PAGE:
News item | 23-11-2023 | 07:31
To combat climate change, Dutch homes and buildings must be natural gas-free by 2050. A lot must therefore be done in the coming years to realize approximately 2.6 million additional connections to collective heating systems as an alternative to gas. The bill for the Collective Heat Act (WCW) focuses on the growth and sustainability of these collective heating systems.
Important principles here are to offer citizens as much security as possible, to make collective heating more sustainable and to modernize the design and management of collective heating systems. For example, the law protects consumers against unnecessarily high rates, offers more transparency and ensures that future heating companies will be more than 50% owned by (local) governments. In this way, there is more public control that contributes to the sustainability, affordability and security of supply of heat supply to households and companies.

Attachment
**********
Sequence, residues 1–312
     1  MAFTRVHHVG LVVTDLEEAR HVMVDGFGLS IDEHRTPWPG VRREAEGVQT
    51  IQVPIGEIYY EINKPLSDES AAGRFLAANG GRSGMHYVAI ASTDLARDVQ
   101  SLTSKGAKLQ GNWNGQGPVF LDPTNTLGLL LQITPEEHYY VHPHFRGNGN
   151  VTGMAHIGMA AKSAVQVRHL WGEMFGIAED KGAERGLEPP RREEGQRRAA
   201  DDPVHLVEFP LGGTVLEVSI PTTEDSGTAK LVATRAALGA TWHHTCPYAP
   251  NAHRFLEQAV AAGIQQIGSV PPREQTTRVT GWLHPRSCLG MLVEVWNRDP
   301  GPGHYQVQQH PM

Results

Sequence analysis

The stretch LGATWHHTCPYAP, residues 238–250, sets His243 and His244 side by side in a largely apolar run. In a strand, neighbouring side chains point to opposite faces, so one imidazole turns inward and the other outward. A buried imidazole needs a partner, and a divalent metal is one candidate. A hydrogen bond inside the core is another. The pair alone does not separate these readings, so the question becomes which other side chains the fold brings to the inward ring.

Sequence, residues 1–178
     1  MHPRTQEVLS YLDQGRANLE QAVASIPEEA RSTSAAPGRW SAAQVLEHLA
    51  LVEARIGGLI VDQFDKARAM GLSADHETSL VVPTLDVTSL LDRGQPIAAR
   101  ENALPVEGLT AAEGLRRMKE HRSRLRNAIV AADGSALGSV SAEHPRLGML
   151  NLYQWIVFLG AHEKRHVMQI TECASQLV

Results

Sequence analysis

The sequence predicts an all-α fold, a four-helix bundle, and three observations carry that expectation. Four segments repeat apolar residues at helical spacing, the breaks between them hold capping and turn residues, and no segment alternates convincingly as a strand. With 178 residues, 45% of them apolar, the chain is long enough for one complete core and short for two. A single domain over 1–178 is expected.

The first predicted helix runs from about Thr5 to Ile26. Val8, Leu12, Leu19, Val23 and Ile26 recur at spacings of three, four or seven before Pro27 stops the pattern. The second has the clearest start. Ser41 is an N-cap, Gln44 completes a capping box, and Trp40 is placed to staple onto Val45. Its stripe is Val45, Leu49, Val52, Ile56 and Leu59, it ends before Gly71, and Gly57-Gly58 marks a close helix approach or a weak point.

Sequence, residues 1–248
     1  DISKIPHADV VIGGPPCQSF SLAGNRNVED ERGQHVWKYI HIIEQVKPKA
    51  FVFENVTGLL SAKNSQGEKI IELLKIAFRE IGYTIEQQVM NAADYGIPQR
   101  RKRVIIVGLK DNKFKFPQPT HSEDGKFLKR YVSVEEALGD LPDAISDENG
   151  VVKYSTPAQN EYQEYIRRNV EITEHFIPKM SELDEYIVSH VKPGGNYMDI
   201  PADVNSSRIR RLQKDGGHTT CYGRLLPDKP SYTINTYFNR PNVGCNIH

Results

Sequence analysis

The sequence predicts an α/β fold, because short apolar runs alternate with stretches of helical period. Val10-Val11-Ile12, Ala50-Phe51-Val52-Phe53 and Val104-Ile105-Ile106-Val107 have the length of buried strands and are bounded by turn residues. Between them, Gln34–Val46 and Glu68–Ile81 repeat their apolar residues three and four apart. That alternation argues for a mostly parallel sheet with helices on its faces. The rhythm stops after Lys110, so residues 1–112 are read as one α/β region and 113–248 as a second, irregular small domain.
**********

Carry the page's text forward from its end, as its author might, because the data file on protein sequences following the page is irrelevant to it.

Minister Rob Jetten: “If we want affordable and sustainable heat for Dutch citizens and companies, we have to get rid of gas. Arranging additional connections to collective heating systems is then an important condition. We can get started with this with the Collective Heat Act: we put consumers first, increase public guidance in the implementation of this transition and thus contribute to affordability, sustainability and security of supply for all households and companies.”
The WCW affects the interests of citizens, companies, local governments and heating companies. Input from these stakeholders was therefore taken into account when drafting the bill, including through various stakeholder meetings, an internet consultation and the opportunity for umbrella organizations to respond to draft proposals.
The bill as presented to the Council of State for advice is public from today. After advice from the Council of State, the bill will be presented to the House of Representatives.